Harvest apples, pears and grapes


Plant fruit trees and new strawberries; clear out old strawberry plants and weeds, position the newcomers a foot apart in rows wide enough apart to walk between, make sure the crowns just show above the soil, firm them in well and water regularly if dry.

Dig up and split old rhubarb crowns, replanting with a good dollop of manure under each plant.

Cut out the canes of blackberries, loganberries and tayberries which have fruited this year and tie in the new canes.


Clear up fallen autumn leaves regularly

Cut back perennials that have died down

Divide herbaceous perennials and rhubarb crowns

Move tender plants, including aquatic ones, into the greenhouse

Prune climbing roses

Order seeds for next year

This may be your last chance to mow lawns and trim hedges in mild areas

Renovate old lawns or create new grass areas by laying turf


Seasonal Recipe

Cob nuts are now in the local vegetable shops, or of course, you can gather your own from the hedgerows. So here’s a delicious snack which is very easy to make.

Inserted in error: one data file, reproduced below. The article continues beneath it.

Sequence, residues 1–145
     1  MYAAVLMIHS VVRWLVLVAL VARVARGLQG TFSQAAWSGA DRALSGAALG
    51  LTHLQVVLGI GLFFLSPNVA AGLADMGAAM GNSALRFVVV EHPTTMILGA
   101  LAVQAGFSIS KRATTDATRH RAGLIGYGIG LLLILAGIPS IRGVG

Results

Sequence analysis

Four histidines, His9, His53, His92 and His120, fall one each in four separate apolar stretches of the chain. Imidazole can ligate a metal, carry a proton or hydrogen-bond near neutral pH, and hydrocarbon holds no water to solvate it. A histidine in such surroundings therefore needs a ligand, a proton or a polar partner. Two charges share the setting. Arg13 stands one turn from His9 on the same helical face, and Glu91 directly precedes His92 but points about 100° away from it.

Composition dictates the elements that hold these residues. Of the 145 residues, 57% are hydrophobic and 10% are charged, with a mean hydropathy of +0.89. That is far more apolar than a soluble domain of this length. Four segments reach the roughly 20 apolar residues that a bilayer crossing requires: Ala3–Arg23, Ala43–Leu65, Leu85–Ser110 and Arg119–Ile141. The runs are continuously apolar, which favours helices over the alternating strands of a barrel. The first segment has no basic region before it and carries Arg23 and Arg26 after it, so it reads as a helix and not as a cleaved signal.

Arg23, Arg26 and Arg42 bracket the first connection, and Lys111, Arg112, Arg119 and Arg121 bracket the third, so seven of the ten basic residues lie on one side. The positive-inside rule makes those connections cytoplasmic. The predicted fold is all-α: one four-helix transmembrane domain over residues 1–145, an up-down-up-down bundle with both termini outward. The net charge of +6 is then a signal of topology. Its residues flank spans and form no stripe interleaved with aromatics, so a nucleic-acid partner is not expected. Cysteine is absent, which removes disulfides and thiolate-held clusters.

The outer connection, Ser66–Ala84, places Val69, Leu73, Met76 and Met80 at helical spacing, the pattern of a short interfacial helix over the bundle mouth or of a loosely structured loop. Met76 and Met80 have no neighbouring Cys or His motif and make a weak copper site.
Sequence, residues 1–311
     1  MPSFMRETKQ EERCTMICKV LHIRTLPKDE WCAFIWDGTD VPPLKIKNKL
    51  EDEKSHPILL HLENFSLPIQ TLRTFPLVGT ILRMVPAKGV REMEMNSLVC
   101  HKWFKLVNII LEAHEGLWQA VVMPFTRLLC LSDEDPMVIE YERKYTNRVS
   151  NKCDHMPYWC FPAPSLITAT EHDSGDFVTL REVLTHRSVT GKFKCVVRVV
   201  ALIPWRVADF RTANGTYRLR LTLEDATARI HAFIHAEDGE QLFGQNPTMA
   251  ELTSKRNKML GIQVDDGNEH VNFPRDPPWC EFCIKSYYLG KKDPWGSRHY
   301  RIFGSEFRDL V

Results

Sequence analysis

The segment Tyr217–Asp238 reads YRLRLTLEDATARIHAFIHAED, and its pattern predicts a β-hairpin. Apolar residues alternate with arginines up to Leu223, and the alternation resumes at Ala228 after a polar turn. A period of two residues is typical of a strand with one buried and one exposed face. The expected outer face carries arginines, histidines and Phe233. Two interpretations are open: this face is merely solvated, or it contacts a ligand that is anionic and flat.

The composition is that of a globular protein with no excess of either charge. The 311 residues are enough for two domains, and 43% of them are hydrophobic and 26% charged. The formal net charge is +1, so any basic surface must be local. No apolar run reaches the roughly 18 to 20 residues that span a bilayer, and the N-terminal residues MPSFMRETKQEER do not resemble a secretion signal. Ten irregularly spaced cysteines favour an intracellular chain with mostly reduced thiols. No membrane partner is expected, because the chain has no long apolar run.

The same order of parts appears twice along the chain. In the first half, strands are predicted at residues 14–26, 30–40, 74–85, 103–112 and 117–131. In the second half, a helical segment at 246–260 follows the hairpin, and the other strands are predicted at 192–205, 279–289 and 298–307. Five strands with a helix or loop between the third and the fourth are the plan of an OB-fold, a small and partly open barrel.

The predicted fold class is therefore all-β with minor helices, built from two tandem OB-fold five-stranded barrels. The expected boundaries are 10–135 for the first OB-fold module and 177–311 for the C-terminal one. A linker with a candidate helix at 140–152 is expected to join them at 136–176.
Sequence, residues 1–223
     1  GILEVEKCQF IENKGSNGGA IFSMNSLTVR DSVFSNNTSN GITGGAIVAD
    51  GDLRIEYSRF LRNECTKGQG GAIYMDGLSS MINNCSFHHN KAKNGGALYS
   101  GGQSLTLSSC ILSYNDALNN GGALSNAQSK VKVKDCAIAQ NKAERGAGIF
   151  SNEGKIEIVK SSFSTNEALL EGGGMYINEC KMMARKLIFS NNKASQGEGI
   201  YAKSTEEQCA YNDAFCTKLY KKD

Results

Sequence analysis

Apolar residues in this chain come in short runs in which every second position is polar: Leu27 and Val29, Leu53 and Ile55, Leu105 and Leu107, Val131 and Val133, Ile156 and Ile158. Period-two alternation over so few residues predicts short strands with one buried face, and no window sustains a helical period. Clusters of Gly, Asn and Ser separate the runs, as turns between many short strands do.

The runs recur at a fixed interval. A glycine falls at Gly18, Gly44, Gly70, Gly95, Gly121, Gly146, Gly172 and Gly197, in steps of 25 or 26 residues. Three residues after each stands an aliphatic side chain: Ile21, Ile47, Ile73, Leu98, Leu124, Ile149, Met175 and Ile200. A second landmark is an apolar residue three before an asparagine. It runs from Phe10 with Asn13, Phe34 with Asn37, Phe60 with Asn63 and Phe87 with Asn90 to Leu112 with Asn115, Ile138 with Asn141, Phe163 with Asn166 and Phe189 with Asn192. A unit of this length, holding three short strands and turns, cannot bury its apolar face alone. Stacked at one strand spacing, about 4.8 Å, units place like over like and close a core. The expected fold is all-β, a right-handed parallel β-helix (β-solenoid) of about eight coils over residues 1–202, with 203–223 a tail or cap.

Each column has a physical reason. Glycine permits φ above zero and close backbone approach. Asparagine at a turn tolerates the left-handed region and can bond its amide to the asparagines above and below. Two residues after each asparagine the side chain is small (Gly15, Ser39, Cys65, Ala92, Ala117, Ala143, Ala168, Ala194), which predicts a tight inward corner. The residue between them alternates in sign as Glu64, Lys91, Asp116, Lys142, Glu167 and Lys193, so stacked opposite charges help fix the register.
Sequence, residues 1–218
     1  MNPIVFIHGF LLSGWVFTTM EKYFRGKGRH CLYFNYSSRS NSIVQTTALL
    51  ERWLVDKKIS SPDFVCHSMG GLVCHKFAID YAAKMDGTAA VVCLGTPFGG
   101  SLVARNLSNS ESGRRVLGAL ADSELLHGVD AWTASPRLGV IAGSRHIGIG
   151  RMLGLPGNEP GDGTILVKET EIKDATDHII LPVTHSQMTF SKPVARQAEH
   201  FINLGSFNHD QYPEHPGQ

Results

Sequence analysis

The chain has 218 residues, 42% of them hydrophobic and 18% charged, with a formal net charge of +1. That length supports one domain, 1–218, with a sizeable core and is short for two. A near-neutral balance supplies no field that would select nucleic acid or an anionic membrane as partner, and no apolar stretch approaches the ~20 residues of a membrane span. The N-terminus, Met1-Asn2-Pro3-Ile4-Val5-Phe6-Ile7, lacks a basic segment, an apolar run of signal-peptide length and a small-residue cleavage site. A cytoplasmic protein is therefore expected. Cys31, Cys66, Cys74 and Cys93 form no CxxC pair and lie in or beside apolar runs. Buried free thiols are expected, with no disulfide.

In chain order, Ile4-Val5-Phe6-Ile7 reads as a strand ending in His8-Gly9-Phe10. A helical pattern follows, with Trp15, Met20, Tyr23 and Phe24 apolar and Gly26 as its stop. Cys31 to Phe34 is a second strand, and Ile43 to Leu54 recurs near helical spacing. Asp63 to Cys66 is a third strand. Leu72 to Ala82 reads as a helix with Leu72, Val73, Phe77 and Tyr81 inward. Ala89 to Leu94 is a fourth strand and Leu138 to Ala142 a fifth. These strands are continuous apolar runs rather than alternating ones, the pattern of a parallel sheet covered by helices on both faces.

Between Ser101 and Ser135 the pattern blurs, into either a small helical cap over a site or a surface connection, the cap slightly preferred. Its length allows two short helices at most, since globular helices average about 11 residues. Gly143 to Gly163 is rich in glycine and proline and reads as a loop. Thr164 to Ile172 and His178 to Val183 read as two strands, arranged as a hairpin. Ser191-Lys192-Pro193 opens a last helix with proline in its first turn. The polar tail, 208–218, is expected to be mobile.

You’ll need around 200g of shelled cobnuts, and 25-50g of butter.

Put the ingredients, together with a little salt, into a shallow, uncovered dish. Microwave on high (750W) for 3 minutes, stir, cook for another 3 minutes, and stir again. If the nuts are not yet crisp, cook for another 3 minutes, checking that they do not burn. Serve warm with drinks when you have friends around for Halloween or Bonfire Night.

Readers Tips

Plant ‘Sugar Rush’ wallflowers in a tub and keep by the front door. They’ll flower during milder winter periods, filling the entrance to your home with that delicious, distinctive, wallflower scent.

C.P. Pontarddulais